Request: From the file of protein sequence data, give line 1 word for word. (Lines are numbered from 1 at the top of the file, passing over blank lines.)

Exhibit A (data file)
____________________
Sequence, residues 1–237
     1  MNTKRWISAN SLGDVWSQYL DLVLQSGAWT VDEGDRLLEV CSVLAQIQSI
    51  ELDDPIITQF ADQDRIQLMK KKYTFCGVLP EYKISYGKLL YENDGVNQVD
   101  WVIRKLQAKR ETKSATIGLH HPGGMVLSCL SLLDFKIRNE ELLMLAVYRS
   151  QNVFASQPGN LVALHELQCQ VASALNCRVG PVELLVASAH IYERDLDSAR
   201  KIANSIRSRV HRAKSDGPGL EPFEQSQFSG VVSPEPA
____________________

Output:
Sequence, residues 1–237